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Neighborhood tensions arise as residents learn of plans for medical marijuana dispensaries

John Seifert was having trouble renting out his shuttered flower shop in Baltimore County. Finally, a real estate agent found a potential tenant: a medical marijuana dispensary.

Seifert signed a five-year lease with the firm, which wants to sell cannabis tinctures, oils and other products to patients from the Nottingham property. The 69-year-old, who lives three doors away, thought the business would be a good fit.


Some neighbors disagree. They worry a dispensary could attract crime, and say it doesn't belong near homes, or a potential school site down the road.This month, their county councilman introduced legislation that would change local zoning rules for marijuana dispensaries — potentially blocking Seifert's tenant from opening on his property.

Councilman David Marks says he backs medical cannabis, but wants the dispensaries limited to commercial areas.


"Many people support the concept," the Perry Hall Republican said. "They just don't want it in their neighborhood."

Similar conflicts are unfolding around the state, as firms that have won preliminary licenses to operate dispensaries sign leases and prepare for final inspections — and neighbors learn of their plans.

In Baltimore, residents are asking questions about a dispensary planned for Wyman Park; City Councilwoman Mary Pat Clarke has requested a public hearing. Officials in Queen Anne's County set new restrictions on where facilities may be located; a dispensary company sued. Residents of Anne Arundel County have spoken out against planned dispensaries there.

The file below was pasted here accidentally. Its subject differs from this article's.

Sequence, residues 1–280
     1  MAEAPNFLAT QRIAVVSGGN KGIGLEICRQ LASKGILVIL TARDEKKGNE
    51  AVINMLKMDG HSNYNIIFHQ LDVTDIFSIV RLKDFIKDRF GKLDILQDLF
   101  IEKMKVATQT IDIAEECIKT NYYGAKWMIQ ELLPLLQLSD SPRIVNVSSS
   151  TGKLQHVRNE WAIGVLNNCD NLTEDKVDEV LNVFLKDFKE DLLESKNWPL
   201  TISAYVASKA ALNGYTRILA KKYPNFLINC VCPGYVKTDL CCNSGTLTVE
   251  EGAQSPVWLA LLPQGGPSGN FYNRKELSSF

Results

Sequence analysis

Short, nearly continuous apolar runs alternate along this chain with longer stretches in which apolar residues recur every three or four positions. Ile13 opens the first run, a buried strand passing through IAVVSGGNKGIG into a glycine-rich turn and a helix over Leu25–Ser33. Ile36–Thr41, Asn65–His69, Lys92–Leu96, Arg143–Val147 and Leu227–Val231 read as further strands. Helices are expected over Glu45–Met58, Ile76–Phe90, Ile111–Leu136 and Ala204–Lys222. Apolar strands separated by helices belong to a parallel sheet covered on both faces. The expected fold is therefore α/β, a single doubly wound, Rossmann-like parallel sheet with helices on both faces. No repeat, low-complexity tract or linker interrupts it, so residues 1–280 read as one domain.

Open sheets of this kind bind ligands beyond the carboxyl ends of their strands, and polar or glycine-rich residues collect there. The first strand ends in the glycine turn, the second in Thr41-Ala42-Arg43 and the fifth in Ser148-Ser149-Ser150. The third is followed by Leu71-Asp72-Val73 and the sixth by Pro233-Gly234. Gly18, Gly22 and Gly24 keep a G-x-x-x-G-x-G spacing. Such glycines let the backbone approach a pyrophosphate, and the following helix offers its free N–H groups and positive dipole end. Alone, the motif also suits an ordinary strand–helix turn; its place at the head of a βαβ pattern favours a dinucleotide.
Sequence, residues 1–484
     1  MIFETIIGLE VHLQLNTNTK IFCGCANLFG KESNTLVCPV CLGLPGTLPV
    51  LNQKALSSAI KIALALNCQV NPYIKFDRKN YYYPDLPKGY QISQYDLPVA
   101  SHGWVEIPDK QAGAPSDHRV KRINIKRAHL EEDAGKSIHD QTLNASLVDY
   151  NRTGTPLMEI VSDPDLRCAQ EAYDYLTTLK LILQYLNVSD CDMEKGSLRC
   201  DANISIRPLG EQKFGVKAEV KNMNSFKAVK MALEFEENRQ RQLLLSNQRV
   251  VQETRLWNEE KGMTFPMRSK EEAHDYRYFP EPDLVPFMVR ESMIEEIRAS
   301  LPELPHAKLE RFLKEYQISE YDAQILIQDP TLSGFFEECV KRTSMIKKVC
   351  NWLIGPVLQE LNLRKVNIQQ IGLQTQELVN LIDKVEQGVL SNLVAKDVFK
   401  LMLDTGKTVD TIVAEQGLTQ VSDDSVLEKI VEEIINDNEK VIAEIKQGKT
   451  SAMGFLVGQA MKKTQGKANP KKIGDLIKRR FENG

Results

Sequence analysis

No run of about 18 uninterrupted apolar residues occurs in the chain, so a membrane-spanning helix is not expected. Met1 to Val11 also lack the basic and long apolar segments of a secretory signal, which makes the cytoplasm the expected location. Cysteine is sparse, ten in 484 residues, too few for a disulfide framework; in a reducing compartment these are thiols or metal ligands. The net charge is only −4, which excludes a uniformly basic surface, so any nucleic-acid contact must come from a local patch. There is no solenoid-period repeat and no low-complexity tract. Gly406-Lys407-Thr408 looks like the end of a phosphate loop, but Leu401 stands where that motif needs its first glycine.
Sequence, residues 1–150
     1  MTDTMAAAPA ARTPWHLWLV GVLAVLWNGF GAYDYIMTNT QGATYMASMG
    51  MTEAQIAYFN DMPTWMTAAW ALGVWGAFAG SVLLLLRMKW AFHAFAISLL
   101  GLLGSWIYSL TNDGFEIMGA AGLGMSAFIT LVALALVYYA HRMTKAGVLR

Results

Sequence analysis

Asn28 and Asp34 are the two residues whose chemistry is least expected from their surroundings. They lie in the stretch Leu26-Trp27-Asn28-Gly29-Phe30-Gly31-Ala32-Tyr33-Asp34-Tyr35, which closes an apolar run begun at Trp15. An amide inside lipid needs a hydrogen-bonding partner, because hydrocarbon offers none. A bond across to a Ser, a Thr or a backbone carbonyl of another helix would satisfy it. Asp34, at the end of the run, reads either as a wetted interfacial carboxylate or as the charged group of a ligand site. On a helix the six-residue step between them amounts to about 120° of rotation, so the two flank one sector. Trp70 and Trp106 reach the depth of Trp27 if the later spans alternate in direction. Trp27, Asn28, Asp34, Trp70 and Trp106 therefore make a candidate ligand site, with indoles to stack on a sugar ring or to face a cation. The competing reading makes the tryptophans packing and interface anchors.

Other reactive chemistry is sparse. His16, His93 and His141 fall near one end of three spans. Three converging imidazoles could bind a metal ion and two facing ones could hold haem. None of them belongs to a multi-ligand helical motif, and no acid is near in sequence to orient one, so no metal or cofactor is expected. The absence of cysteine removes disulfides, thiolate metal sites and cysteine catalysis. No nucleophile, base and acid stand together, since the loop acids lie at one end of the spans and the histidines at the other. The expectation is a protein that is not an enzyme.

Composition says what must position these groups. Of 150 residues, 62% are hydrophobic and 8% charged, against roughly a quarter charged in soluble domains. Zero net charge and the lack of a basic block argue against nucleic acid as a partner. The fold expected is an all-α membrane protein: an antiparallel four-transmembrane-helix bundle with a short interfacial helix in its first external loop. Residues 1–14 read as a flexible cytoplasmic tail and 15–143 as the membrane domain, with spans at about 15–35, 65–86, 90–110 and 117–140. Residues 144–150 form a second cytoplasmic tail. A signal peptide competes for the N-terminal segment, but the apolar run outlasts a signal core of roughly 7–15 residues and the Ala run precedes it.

This building at 3317 Keswick Road is where a marijuana dispensary is planned.

Other states that have legalized the distribution of medical marijuana through dispensaries — such as Illinois, Massachusetts and Connecticut — have experienced similar friction.

Darrell Carrington, a cannabis lobbyist with Greenwill Consulting Group, blamed the opposition on fears of the unknown.

"Because it's new, people are suspect," Carrington said. He said dispensaries will be tightly regulated by the state, with "more security measures built into this program than you would ever imagine."

"These are going to be really nice locations," Carrington said. "It's not a head shop."

Carrington said a dispensary will resemble "a holistic doctor's office." Only patients and caregivers will be allowed to enter. The interiors will have retail sections and private consultation areas. Dispensaries will be required to secure their products in vaults.


Maryland lawmakers approved medical marijuana in 2013, but it's taken years for the program to get off the ground. The Maryland Medical Cannabis Commission has granted preliminary dispensary licenses to 102 operators. Only one — the Wellness Institute of Maryland in Frederick — has received final state approval to open.